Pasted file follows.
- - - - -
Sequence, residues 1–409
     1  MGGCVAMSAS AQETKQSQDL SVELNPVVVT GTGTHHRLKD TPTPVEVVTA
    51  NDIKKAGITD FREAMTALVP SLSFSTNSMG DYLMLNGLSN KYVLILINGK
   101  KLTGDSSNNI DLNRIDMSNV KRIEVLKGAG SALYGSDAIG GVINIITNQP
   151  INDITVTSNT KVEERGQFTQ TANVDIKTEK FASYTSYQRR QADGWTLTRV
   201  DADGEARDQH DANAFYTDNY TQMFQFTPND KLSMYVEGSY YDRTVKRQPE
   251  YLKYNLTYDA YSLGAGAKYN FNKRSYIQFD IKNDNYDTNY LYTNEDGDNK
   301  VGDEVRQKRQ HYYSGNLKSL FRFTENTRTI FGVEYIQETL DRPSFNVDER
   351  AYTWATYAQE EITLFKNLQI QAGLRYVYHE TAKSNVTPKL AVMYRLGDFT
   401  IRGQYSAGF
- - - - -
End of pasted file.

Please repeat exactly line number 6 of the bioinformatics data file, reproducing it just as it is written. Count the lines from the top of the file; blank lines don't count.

   201  DADGEARDQH DANAFYTDNY TQMFQFTPND KLSMYVEGSY YDRTVKRQPE